|The Great White Authorities of HRW|
|Friday, 06 March 2009|
Response of Prof Rajiva Wijesinha, Secretary General of the Secretariat for Coordinating the Peace Process and Secretary to the Ministry of Disaster Management and Human Rights to remarks on Sri Lanka made by Non-Governmental Organizations during the Inter-Active Debate on the Report of the High Commissioner for Human Rights
Mr President, let me begin by thanking those Non-Governmental Associations which put in such a sterling performance last evening, running the whole gamut of emotions from A to B. Until they spoke, given the adult approaches with regard to Sri Lanka of the many countries that addressed this assembly yesterday, and the helpful meetings we had with so many responsible authorities, I was thinking that my staying on in a freezing Geneva was a waste of time and energy and money. This last was particularly upsetting, for we are a poor country, and our taxpayers cannot really afford the exorbitant rates for hotels that our well funded NGO colleagues find negligible.
At some stage, Mr President, if this privileging of the claims of the unaccountable finger pointers continue, I hope that, in the interests of the economic and social rights of the poor, you will take steps to have sittings of this Council in more affordable settings. Meanwhile let me respond to some of the more outrageous claims of our irresponsible friends, and request Her Excellency the High Commissioner to look further into a response on our websites to a longer effusion from Human Rights Watch, which they referred to in their performance yesterday.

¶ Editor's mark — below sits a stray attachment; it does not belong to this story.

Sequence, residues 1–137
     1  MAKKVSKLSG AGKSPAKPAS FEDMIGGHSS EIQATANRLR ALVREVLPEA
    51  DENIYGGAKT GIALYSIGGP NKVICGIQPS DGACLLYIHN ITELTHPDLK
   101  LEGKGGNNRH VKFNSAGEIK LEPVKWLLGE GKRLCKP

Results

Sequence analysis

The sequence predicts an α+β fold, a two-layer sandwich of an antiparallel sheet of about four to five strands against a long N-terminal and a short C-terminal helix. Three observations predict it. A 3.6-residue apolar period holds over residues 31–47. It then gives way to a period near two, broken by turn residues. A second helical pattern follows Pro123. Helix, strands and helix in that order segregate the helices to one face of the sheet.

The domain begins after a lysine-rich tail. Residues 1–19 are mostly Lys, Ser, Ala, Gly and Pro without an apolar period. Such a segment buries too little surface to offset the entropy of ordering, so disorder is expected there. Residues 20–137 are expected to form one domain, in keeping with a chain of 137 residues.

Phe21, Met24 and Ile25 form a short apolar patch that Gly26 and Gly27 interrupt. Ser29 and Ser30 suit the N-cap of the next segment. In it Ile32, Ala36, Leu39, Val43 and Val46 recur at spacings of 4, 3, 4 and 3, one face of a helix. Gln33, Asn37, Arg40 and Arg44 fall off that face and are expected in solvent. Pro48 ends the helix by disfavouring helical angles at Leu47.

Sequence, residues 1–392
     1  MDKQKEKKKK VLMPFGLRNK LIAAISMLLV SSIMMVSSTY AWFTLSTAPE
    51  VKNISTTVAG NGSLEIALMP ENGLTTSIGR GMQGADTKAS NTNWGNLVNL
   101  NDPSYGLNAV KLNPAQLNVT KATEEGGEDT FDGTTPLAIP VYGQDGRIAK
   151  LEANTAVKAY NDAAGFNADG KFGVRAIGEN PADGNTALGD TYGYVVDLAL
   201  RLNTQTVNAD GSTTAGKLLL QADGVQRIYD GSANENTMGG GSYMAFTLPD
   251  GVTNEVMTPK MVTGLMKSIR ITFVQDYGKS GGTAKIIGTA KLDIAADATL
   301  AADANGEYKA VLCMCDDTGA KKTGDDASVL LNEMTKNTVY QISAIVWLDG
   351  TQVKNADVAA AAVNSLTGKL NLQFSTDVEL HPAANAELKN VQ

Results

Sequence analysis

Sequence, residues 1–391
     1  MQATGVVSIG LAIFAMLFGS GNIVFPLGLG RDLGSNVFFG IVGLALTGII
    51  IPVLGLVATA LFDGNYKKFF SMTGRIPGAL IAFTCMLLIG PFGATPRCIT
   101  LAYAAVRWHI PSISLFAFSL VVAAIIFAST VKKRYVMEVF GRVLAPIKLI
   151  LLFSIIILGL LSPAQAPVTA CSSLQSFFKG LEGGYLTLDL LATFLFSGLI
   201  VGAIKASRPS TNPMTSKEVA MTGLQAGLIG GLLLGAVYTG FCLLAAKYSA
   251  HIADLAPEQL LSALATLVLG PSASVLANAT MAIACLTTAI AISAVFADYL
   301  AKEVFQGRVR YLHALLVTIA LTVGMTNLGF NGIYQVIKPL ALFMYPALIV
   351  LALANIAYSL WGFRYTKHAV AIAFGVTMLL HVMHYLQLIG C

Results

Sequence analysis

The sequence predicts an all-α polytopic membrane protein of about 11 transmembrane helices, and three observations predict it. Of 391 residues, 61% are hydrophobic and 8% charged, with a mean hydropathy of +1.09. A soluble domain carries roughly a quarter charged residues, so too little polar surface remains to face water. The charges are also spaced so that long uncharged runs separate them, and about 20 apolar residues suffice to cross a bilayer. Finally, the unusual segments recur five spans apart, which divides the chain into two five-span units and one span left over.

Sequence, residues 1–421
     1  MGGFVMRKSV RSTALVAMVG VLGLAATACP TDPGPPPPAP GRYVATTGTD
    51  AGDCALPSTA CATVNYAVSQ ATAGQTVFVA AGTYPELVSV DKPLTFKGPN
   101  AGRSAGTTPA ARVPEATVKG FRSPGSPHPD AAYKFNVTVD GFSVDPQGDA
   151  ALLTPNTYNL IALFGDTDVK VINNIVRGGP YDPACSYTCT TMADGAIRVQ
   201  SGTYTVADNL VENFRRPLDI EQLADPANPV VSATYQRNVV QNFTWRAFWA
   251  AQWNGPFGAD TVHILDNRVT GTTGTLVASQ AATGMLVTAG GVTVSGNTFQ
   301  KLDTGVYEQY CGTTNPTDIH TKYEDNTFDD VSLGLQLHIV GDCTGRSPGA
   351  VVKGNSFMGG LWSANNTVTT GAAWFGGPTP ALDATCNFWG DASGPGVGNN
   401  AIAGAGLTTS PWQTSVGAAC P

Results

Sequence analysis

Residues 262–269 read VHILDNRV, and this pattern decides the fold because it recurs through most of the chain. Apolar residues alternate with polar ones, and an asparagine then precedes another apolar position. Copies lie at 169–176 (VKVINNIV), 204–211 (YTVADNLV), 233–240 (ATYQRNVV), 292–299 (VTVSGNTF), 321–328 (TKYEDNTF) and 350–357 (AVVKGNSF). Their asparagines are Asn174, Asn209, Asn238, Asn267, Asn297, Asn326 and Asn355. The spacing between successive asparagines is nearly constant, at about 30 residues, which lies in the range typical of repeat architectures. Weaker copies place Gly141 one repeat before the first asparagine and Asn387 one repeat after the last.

I used the word irresponsible, and all I can say is that Human Rights Watch, which refused a meeting with me in Geneva, should really refrain from pronouncements about Sri Lanka made with no reference to any Sri Lankans. Instead they cite several great white authorities, which turn out to be the same authority. HRW refers to a BBC report, which we have shown to be fraudulent, in another release on our websites which I trust you will enjoy reading. That report dramatized an interview with an ICRC official who the ICRC told me had been misquoted. ICRC have now put up the text of the interview on their website, and it shows just how misleading the BBC version was.
HRW then quotes the United Nations and one of its spokesmen, Gordon Weiss, but the head of UNDP says – and I quote from an SMS – that ‘he was oddly misquoted. A visiting AP journalist in town for 1 week spoke to him. He referred him to the ICRC report of several days ago, and then the journalist attributed it to GW. Then HRW issued a statement quoting from AP!’ Since then I have been told by the UN that the reference was, not to the ICRC report, for there was none, but to ‘the quote as referred to in the BBC story’.
Mr President, Sri Lanka strongly condemns these attempts by interested parties to damage the good relations between Sri Lanka and its partners by such deliberate or culpably careless misquoting. The ICRC and the UN do good work under difficult circumstances, and agencies such as Human Rights Watch with nothing better to do must not waste their time and ours in pursuing clarifications.